I was once thrown into the Salt River by a guy named Damian. I forgave this because he is a cool dude with good taste in movies. Then, I heard he was doing something REALLY COOL that did not involve throwing women into rivers.
Damian will be embarking on a one-year, 19,000-mile bike trip from Prudhoe Bay, Alaska, all the way to the bottom of the world: Ushuaia, Argentina. He will be doing this solo ride to help raise public awareness of the benefits that regular exercise offers to those battling mental illness. He will raise money for the National Alliance on Mental Illness, specifically their “Hearts and Minds” campaign.
As a diagnosed depressive, how could I not get behind this project? Damian already has two amazing sponsors: Caledonia Spirits and Hero Apicus Nutrition. They’ve been a huge help, but he still needs more funding to make this trip happen.
To donate, head to Damian’s GoFundMe site. For more about this super cool dude and his mission to support mental health awareness, read on …
An H and Five Ws with NAMI Advocate Damian Reusch
How did you come up with the idea for this solo bike adventure?
I wanted to undertake what I considered to be a transformative journey, one that would compare with the “Great American” adventures that used to fill novels and dime store magazines, before advancements in technology seemingly shrank the world to a more user-friendly size.
I have always felt, as the world I live in became more and more connected, a sense of increasing disconnection. I have longed for an experience that will allow me to rediscover the awe I knew as a child, the wonder and fascination I only knew from the books I read and a life I imagined. I have grown tired of living inwardly, with the incessant concern for professional and personal growth … I wanted to live outwardly for a bit, to have focus on a goal outside my personal narrative and perhaps in the process bring back some measure of connection through its fulfillment.
I decided to choose a charity that I felt a connection with and endeavor to begin a journey that people could identify with, and be excited by. People love a story, and though there are fewer today, they especially love adventure stories. I thought that would be an interesting way to try to rekindle people’s spirit of fascination with the world at large, while at the same time raise money for an important and often overlooked cause. The Pan American Highway is the world’s longest motorable road… so why not ditch the car and bike it?
What is your inspiration?
My greatest inspiration is the world as a whole. I remember a few years ago, I was in Austin visiting some friends. They took me to an overlook that was situated over a river next to a roadway. I imagine most people climb up there for a view of a sunset, or the rolling hills, or the slowly crawling river below … but I couldn’t take my eyes off the road and the cars driving on it.
I had been thinking a lot about the idea of a personal narrative, how we are all the stars of our own story, and how constrictive that mentality can be. I began to imagine a sort of story board, drawn like a circuit with lines extending out of each passenger. Each line led to a box, each box splintered into another possibility, and each possibility splintered to another and so on … constantly changing with each passing second, constantly evolving, fracturing, and expanding outward.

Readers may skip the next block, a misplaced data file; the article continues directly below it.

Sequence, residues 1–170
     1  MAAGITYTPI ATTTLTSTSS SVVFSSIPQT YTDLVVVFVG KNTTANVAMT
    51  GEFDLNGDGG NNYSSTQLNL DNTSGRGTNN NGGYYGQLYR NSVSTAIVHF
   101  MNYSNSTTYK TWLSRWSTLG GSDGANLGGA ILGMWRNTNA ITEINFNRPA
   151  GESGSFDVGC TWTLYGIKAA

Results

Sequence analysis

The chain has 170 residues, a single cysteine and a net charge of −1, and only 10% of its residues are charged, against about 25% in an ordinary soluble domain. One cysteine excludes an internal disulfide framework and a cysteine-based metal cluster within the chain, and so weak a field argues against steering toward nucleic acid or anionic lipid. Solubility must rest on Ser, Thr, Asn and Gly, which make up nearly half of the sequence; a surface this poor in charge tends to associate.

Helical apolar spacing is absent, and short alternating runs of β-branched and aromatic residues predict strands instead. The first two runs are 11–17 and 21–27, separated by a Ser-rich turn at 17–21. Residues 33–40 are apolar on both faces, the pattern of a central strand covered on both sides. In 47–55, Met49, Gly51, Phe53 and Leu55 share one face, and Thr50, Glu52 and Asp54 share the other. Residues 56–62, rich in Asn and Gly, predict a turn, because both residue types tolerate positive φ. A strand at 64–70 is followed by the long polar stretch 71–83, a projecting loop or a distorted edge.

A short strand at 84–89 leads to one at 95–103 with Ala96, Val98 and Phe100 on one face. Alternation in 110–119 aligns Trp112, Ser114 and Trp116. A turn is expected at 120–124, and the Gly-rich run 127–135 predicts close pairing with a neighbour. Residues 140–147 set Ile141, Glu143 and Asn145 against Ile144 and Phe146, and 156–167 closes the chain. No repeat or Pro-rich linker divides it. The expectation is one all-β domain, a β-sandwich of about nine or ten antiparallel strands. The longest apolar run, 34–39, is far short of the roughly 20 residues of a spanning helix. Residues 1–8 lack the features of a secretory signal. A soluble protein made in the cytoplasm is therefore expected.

That is the world I wish to see, so I see it. An explosion of stories, intertwining and unraveling at every moment, most of it unobserved potential. My narrative became less interesting knowing all that potential was out there waiting for a catalyst to bring so much to fruition.
A trip like this will most likely not bring any measure of “traditional” success, but it will drop me in the center of that stew of unrealized story lines.
What do you hope to achieve?
I hope to have an incredible journey, to experience the world in its most raw form, to meet incredible people and for a moment experience their story. I hope to raise money for a great cause that benefits people who in their own way may feel as lost or disconnected as myself.
Where are you most excited to go?
Ushuaia, Argentina. That will mean I have completed the journey successfully.
When did you realize you had you own mental health issues?
I realized at a very young age. It manifested itself as a reaction to the profound disappointment I had in the people around me, in their inability to see the long view, the larger picture. I became frustrated at first, slowly mired in anger, then boom. I was diagnosed with what is called Intermittent Explosive Disorder. I have never been medicated. I have always found that all of my frustration can be mitigated through an active lifestyle. At times I am obsessively active; at times I struggle. But I am lucky in that I know what I need to maintain a positive balance. That is why I relate so well to the NAMI “Hearts and Minds” Campaign.
Why is mental health so important?
Throughout history, mental illness has been treated like possession or witchcraft, rather than like an illness, which is why it still carries the stigma it does today. The brain is an organ, but it is an organ we lack critical understanding of. That lack of understanding can lead to confusion and eventual disassociation rather than acceptance and healing. We are a thousand steps behind where we should be with regard to the treatment of mental illness, and we are there because of the lack of an open dialogue. The first step is to drive awareness. Mental health should be no more taboo than an infection or a genetic disorder.
I am so, so proud of Damian’s mission. It’s time we all supported him and mental health awareness. Head to GoFundMe right now and become part of the solution. Thank you!